What if there is no Rapture of the Church?

There are coming days of judgements mentioned in most religions, but this being a Christian website, that is where we will put our focus. But even within the followers of Jesus Christ, beliefs about the last days can get rather confusing with an abundance of ideas, theories, and doctrine within the dozens of Christian denominations.

 

In this article we will zoom-in on what is called the ‘Rapture’, a concept of snatching-up Christ’s followers upon his return, which is mostly taught in the evangelical branches of Christianity. The theory is derived from The First Letter of Paul to the Thessalonians, which states that believers will be “caught up in the clouds” while nonbelievers are left on earth.

The mechanics of this rapture are not easy to describe, as there are many different ideas describing its timing in God’s plan, and which believers will be involved, and where they will eventually go after being snatched-up. I like to say, “The rapture is like an ice cream cone, it appears good, comes in many flavors, and you get to choose which one you want, but may not be exactly what you expected.”

Today, the majority of no-rapture believers maintain that the most important fact against the rapture is that it is a relatively recent doctrine and not found in historic Christianity. They say it was taught by Evangelical Protestant theologians in the United States beginning only in the nineteenth century. However, deeper research shows that earlier than the 1800s, there were a few scholars suggesting some vague ‘hints’ about possible alternative meanings of being ‘caught up in the clouds’, but they were never seriously investigated. In order to cover all angles, they should be mentioned.

Some evidence exists that the first idea of a rapture was not evident until 1830, when a fifteen-year-old Scottish girl named Margaret Macdonald had a serious illness from which she was miraculously healed, after having a vision detailing the return of Christ.2 But the noted commentary of Matthew Henry used the word “rapture” (when explaining 1 Thessalonians 4:17) and he did this in 1828, two years before the event of the Scottish girl in 1830.3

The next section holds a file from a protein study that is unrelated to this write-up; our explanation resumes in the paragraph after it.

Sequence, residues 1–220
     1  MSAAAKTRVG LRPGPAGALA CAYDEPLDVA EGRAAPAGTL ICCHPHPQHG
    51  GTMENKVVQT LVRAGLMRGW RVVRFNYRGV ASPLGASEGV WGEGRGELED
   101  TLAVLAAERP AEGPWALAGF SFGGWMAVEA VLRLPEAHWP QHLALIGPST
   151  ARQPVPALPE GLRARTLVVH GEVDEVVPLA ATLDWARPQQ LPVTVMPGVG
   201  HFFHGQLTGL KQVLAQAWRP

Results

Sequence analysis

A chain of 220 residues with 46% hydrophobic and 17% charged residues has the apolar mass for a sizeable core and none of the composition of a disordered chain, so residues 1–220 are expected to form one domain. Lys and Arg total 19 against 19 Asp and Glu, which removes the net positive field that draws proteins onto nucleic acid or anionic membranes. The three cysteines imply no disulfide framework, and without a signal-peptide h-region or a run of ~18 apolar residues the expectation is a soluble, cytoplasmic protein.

And there were implied indications of this theory previously, when a couple of Bible versions published in the 1500s taught about 1 Thessalonians 4:17 having a special meaning. And 17th century American Puritans preached this concept, as well.4 There is also reference of the Church being “caught up” by Irenaeus (130–202 AD),5 who was alive at the time to have heard the teachings of Polycarp, a disciple of the Apostle John.6 So, even if the mention of “rapture” did not mean the same back then as it does now, at least we know that the seed of this theory has been around since very shortly after the time of Christ.

 

The Rapture Explained

Since there are many twists and turns to various rapture descriptions, let me give you a generic summary of what this doctrine teaches. The idea is that one day Jesus will return in secret to an evil earth ruled by Satan. He will snatch up (rapture) his followers (Christians) and bring them to heaven to join those souls that had previously died and ascended. It will be there that they will live for eternity.

The implication is that if you believe and followed Jesus, then this is your reward. If you did not, you will be left behind and be tested further by having to endure an evil Antichrist during a tribulation period consisting of worldwide natural and man-made catastrophes. Those few who live through the terrible tribulation, and come to believe in Jesus Christ, can be saved. However, the majority will stay under Satan’s rule and are condemned to eternal damnation in Hell.

Many people already have some knowledge of this process, although their education did not come from the Bible, but through numerous fictional books, movies, and television programs on the subject. Most famous, I think, are the books of the Left Behind franchise of 16 religious novels by Tim LaHaye and Jerry Jenkins, and the adaptions into several films.

In the Bible, the most popular scripture chosen to support this idea of a rapture is from the 4th chapter of 1 Thessalonians. It is interpreted by some scholars to mean Jesus snatches away those that believe in him and he escorts them to heaven. Let’s read what Paul the Apostle wrote as this is “the classic passage in the Bible on the Rapture of the Church.”7

“Then we who are alive, who are left, will be caught up in the clouds together with them to meet the Lord in the air; and so we will be with the Lord forever” (1 Thessalonians 4:17, NRSV).8

 

Can one verse establish a doctrine?